The Appellate Board has an exclusive appellate jurisdiction whereby it can receive, hear and dispose of appeals from any decision, order or direction of the Controller of patents or the Central Government. The Appellate Board has been given the discretion to deal with the matter from the beginning i.e., de novo or from the stage, it was left off and transferred to it from the High Court. The IPAB is the only authority which has the power to adjudicate proceedings arising from an appeal against an order or decision of the Controller of patents.

Therefore, the grant of a patent by the government is an exclusive right given to the patentee so as to prevent others from using, making or selling the patent, but at times if a person is aggrieved by the decision, order or directions given by the Controller of patents he must have legal recourse for redressal. 

It is for this reason that a system of appeals in the form of an Appellate Board was constituted to rectify any errors or mistakes made by the Controller of patents or the Central Government. Thus, the IPAB has developed an efficient and streamlined process for the applicants to file an appeal.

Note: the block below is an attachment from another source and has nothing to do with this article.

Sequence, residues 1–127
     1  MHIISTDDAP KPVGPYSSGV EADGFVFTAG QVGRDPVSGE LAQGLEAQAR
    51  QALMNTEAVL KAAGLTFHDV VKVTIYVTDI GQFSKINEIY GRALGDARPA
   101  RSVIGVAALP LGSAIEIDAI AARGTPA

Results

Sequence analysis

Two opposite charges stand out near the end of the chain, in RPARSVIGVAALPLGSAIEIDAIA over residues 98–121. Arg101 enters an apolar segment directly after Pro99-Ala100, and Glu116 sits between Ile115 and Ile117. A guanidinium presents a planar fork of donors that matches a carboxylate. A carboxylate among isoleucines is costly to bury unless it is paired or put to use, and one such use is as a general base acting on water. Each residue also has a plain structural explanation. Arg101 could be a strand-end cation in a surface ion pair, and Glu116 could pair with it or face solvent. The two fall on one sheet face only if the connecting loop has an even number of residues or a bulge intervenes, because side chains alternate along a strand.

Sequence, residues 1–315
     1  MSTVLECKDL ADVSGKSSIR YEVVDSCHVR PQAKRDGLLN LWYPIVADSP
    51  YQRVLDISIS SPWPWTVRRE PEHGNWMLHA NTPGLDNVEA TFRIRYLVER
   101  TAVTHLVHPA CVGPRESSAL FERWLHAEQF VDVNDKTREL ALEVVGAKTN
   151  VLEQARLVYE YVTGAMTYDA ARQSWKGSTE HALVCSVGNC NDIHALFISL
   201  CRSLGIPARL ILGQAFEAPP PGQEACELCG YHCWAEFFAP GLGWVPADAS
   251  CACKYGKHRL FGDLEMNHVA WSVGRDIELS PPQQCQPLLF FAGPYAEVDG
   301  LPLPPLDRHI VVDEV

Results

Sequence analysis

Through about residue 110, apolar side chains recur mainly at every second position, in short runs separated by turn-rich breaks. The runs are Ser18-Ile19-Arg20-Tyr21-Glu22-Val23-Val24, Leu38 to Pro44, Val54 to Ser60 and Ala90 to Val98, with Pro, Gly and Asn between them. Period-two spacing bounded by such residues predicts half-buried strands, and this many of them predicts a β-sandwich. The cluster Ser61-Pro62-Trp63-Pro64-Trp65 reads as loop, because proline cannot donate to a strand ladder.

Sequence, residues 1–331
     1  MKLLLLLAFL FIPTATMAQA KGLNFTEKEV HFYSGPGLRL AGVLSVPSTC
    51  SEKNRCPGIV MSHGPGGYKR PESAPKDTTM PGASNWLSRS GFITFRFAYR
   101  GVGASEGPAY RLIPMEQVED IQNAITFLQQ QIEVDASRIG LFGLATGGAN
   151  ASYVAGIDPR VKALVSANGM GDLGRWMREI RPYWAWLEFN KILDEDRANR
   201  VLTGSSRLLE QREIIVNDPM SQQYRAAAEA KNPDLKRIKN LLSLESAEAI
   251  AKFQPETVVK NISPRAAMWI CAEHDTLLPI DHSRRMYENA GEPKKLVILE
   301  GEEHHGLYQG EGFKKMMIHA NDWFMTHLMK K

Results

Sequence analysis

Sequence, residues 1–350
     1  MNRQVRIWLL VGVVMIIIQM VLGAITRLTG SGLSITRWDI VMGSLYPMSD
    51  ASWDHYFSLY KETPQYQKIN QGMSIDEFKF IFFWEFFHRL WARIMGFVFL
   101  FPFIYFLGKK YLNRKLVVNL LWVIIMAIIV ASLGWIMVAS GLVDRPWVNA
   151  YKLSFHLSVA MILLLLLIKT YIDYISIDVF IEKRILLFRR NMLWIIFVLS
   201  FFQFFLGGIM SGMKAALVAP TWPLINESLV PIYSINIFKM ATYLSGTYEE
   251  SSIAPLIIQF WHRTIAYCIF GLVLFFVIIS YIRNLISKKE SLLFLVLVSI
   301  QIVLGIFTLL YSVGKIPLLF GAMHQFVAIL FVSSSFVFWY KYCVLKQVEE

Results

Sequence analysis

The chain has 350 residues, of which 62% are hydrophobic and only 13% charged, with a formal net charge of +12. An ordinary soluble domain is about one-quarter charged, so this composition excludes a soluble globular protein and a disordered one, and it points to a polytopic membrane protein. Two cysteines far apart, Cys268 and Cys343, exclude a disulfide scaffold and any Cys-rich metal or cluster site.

Endnotes

1.  The Patents Act, 1970 (Act 39 0f 1970), s. 116 (1). 

2.  The Patents Act, 1970 (Act 39 of 1970), s. 116 (2). 

3.  The Patents Act, 1970 (Act 39 of 1970), s. 117 (1). 

4.  The Patents Act, 1970 (Act 39 of 1970), s. 117 (3). 

5.  The Patents Act, 1970 (Act 39 of 1970), s. 117A (4).

6.  The Patents Act, 1970 (Act 39 of 1970), s. 117A (2). 

7.  The Patents Act, 1970 (Act 39 of 1970), s. 117C. 

8.  The Patents Act, 1970 (Act 39 of 1970), s. 117B. 

9.  The Patents Act, 1970 (Act 39 of 1970), s. 117E. 

10.  The Patents Act, 1970 (Act 39 of 1970), s. 117G. 


Anusuya Mukherjee-DU

Anasuya Mukherjee

Author

Anasuya hails from Delhi University and she spends most of her time in Reading, Practising Yoga and Working towards community animal welfare. Her Interest area lies in Intellectual Property Law. For any clarifications, feedback, and advice, you can reach her at anasuyamukherjee86@gmail.com